By the time Tom was born, in 1982, the Mothers' had been taken over by the NHS, but it was still staffed by a number of Salvation Army nurses. I had never been a regular churchgoer, nor was I a confirmed Christian, but at this powerfully moving time of my life, I found it profoundly comforting when the nurses came in to our small ward and offered prayers and hymns.
I was also grateful for the opportunity given by the hospital to stay in for almost a week, as I grew used to the idea of being a mother, and to having such a huge new responsibility now my son was in the world. The Mothers' had a number of traditions, one being that even if you were a repeat visitor to the maternity hospital, you were still invited to attend the lesson on bathing baby!
Over the 30 years since, from time to time I have met others who either gave birth or were born in the Mothers', perhaps most memorably the elderly lady I encountered while looking round the beautiful old synagogue in Dubrovnik (incidentally the only synagogue in Western Europe that remained open throughout WW2).
I will always be grateful to the Mothers' for the warm encouragement I was given.
And I continue to be grateful that I live in a time and a place where that is available for all women, and equally aware that in many parts of the world this is not the case. My own mother had eight children by the time she was 36 years old.
For those who might be interested in reading about a time when this was not so in the UK, I can most highly recommend the wonderful book Maternity: Letters from Working Women, Collected by the Women's Co-operative Guild (Virago) edited by Margaret Llewelyn Davies, first published during the First World War, in 1915. Here follows an extract, with grateful thanks to Virago:
A WAGE-EARNING MOTHER (extract from longer letter)
"I myself had some very hard times, as I had to go out to work in the mill. I was a weaver, and we had a lot of lifting to do. My first baby was born before its time, from me lifting my piece off the loom on to my shoulder, as two of us had them to lift, and then carry them from the shed across the yard to be weighed. If I had been able to take care of myself I should not have had to suffer as I did for seven weeks before that baby was born and for three months after; and then there was the baby suffering as well, as he was a weak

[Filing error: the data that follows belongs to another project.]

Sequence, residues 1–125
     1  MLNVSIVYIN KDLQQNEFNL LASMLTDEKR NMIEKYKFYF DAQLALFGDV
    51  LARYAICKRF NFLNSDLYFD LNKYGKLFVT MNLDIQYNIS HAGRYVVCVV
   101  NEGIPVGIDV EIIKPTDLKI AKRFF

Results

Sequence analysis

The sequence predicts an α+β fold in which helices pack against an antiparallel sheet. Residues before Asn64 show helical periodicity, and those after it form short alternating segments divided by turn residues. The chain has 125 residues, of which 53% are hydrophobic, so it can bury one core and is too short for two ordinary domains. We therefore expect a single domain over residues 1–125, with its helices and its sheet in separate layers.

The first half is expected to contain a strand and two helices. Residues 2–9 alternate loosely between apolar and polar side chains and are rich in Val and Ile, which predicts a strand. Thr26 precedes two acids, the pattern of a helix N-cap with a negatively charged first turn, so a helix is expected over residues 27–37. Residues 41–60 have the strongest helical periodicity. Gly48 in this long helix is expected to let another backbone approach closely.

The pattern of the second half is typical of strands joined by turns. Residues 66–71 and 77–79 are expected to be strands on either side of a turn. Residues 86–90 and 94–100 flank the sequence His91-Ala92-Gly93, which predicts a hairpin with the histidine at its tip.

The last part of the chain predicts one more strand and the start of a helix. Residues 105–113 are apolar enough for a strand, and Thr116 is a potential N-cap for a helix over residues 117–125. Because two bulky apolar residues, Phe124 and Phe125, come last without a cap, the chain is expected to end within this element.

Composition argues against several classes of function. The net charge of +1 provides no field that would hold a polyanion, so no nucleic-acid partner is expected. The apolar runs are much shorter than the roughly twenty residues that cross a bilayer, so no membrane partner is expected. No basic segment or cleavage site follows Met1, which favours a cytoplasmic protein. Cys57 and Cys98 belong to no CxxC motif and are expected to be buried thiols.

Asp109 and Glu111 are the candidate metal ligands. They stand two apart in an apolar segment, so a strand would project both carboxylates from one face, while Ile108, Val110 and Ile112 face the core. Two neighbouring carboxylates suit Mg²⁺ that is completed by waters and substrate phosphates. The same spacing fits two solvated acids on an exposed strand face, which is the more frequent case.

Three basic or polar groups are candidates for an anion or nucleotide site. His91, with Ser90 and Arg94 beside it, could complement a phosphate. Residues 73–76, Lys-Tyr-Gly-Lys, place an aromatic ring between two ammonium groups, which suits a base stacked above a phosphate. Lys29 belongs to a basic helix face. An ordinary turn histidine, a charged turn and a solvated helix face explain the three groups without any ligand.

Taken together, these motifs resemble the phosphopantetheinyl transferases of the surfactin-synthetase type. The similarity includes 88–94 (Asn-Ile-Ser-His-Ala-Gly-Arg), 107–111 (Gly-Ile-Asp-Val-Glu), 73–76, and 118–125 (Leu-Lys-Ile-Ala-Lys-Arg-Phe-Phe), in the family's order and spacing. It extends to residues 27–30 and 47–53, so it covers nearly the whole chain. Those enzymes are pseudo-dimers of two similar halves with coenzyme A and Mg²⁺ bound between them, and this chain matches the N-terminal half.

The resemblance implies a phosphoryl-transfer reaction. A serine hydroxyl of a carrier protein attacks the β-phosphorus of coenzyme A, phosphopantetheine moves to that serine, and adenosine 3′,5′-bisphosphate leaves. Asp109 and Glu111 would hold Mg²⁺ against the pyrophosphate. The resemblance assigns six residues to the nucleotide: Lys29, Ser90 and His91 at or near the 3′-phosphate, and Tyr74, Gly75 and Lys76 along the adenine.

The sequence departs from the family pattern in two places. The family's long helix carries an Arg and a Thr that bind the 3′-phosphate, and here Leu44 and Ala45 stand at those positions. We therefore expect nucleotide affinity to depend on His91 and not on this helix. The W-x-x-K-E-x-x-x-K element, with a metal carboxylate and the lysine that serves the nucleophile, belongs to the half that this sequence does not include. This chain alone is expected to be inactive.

little thing for a long time, and cost pounds that could have been saved had I been able to stay at home and look after myself. But I could not do so, as my husband was short of work; and when I had my second baby I had to work all through again, as my husband was short of work and ill at the time. So there was another poorly baby. While I was carrying this one he only worked three months out of the nine. I could not get any support at all then. I had to go out to work again at the month-end, and put the baby out to nurse. I had to get up at four in the morning, and get my baby out of bed, wash and dress it, and then leave home by five, as I had half an hour's walk to take my baby to my mother's, and then go to my work and stand all day till half-past five at night, and then the walk home again with my baby. I had to do this with three of them. I think you will understand I have had my share; and all my children have had to be brought with instruments. I have had six living children and one miscarriage.... "
Wages 28 shillings (£1.40) a week.
Links for further reading on the Mothers' Hospital: